As ridiculous as it may sound, I feel in dire need of a holiday. Travelling, as opposed to holidaying, can be quite exhausting. Moving towns every two or three days, long bus journeys, sleeping in dormitories with as many as eight people in them (in some cases up to 14, but I try to avoid those); sleep isn’t as deep as it should be and every day you are up and out and on the go, seeing the sights to be seen, many of which are down very long paths and up very steep hills. Many nights there are new people to talk to, to drink with, to eat with.
I’m not complaining. I’d never complain about doing what I’m doing. After all, when the day comes that I don’t enjoy it any more, I’ll go home and find a job. Then I’ll have something real to complain about, alright.
I do need a re-charge though. Although I’ve not stayed in a dorm since Tirana, Albania was such a different world that although I loved it, it could not really be described as relaxing. Nothing worked as I expected it to work, every hour (or so it felt) a new surprise, so many friendly people. Talking to strangers is not something that comes naturally to me – even though I’m getting better at it, I find it sometimes tiring.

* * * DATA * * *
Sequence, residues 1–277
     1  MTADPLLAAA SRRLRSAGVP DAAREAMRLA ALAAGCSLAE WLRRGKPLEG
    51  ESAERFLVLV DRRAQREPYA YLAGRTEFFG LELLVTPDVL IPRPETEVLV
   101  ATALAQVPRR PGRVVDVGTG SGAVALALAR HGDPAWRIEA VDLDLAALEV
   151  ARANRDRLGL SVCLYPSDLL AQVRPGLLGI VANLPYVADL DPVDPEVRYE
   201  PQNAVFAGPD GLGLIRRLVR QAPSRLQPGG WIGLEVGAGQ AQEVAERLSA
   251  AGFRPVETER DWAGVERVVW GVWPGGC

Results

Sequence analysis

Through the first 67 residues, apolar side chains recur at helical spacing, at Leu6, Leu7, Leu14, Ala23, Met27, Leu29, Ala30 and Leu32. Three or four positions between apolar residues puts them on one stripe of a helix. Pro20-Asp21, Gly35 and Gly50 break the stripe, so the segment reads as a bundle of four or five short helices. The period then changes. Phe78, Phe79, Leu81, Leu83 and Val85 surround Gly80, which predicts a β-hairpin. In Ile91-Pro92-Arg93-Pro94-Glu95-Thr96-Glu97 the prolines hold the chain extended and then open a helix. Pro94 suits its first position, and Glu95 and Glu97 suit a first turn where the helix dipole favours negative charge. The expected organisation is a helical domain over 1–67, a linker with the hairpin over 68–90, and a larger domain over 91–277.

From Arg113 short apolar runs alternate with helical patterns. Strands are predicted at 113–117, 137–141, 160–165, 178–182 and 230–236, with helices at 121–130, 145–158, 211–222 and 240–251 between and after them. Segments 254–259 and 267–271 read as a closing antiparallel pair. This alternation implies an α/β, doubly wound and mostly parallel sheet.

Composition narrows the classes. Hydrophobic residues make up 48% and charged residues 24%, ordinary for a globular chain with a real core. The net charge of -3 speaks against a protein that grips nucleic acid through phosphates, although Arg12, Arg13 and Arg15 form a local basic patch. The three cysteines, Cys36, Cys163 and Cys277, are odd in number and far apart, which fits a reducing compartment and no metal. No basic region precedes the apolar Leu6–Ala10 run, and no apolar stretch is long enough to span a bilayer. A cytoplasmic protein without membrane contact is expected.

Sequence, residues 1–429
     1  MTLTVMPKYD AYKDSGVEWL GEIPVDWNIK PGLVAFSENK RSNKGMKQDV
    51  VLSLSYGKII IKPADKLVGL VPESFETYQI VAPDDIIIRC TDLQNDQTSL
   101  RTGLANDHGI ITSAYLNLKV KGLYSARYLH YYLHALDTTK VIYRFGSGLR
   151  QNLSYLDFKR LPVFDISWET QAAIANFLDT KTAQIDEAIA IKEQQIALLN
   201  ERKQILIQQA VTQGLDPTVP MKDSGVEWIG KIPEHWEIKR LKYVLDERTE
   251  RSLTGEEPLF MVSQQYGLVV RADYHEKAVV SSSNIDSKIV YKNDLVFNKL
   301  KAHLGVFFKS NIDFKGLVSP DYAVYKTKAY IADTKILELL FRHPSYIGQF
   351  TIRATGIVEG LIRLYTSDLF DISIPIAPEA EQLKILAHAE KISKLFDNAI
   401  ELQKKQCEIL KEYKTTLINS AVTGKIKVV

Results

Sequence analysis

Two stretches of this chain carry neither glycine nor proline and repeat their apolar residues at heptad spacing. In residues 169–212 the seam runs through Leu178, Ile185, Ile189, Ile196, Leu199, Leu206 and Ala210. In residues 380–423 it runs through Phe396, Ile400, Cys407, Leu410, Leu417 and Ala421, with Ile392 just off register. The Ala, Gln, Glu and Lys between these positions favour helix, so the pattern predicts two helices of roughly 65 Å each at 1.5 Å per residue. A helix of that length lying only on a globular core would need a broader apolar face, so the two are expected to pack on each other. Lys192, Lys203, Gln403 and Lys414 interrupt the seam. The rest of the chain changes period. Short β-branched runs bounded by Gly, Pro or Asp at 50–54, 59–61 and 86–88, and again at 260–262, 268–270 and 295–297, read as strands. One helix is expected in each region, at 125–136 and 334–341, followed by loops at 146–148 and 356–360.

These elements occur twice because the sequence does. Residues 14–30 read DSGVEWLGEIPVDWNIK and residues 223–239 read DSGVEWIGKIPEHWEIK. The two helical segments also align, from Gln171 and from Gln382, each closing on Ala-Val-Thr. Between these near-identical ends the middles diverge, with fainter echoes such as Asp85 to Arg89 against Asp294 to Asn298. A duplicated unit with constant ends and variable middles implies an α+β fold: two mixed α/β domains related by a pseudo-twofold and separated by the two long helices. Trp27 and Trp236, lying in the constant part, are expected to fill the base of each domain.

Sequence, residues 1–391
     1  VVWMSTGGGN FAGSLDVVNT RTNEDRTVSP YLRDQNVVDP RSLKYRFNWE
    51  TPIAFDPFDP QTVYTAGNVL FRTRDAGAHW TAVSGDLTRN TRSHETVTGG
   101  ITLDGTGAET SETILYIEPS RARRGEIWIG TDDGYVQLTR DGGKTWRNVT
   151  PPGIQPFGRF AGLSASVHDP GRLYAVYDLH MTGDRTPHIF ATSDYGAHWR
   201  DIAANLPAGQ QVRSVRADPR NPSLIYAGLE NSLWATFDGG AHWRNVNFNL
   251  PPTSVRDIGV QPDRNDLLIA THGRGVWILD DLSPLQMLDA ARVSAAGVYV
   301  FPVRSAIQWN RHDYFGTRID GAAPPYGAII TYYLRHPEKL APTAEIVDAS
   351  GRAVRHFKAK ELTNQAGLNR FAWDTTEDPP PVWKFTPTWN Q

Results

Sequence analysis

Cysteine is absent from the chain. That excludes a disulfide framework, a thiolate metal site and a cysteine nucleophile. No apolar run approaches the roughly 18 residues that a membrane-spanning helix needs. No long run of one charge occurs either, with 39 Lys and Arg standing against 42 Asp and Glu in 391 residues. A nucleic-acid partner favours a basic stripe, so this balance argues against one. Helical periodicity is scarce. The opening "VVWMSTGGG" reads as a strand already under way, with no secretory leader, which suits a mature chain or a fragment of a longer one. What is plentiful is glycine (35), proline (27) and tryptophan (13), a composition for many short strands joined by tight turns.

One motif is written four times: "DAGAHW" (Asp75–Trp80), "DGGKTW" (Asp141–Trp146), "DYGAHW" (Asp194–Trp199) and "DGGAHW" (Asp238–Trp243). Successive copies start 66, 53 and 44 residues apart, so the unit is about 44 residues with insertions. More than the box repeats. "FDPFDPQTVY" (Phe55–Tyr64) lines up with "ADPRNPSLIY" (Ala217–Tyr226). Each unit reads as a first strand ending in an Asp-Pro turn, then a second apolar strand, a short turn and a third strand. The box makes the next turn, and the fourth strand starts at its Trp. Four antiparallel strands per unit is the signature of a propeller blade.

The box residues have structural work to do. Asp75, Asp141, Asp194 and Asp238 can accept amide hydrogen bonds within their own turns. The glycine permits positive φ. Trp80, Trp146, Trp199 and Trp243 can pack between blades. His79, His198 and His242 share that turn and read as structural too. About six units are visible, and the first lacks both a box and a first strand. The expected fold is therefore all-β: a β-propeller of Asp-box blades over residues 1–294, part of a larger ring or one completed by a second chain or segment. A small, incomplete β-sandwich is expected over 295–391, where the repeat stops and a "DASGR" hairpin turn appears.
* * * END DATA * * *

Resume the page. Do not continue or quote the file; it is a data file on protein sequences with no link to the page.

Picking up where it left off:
As a treat, I’m staying in a tiny self-catering apartment in Corfu for two nights. I have a private balcony with a sea view, two comfy chairs and a table. I’m sitting at it now, typing. The road winds down the hill below me, another hill rises to the left, lush with trees, jutting out into the sapphire sea; the rock that according to legend is Odysseus’s ship clearly visible beyond the headland. Last night, I cooked my own dinner in my own kitchen, listening to my music through a speaker, singing along. It was like being at home. This morning I ate Crunchy Nut Cornflakes on the balcony in the soft sunlight. Crunchy Nut Cornflakes have never made me smile quite so much before.
Here endeth the burek diet (temporarily at least). No more filled filo pastry for a few days. Thank all the gods.
This morning I went on a short walk through the olive groves, accompanied by Rudy, the dog belonging to the owner of the apartment.
Rudy trotted back home when we hit the main road, but I walked around the cliff tops and down to a beach, where the Ionian sea lapped at my ankles as I stood gazing out to the horizon, jeans rolled up around my knees, the sea breeze tangling my hair.
I have come back to the balcony for lunch and a beer in the sunshine, listening to the whisper of waves on the beach 500 metres away. Later I might head out again and dip my toes in the water. Or I might stay here in the sun and read. Paleokastritsa is tiny. There’s nothing pressing to do here, other than stare at the blue, blue sea.
Thessaloniki – with thanks to Jaya The Cat
Ever since I decided to include Thessaloniki on this trip, I keep getting Jaya the Cat songs stuck in my head; particularly, not surprisingly, Thessaloniki.
…and as the sun comes up I wander to the sea, and I wash away my sins away in Thessaloniki.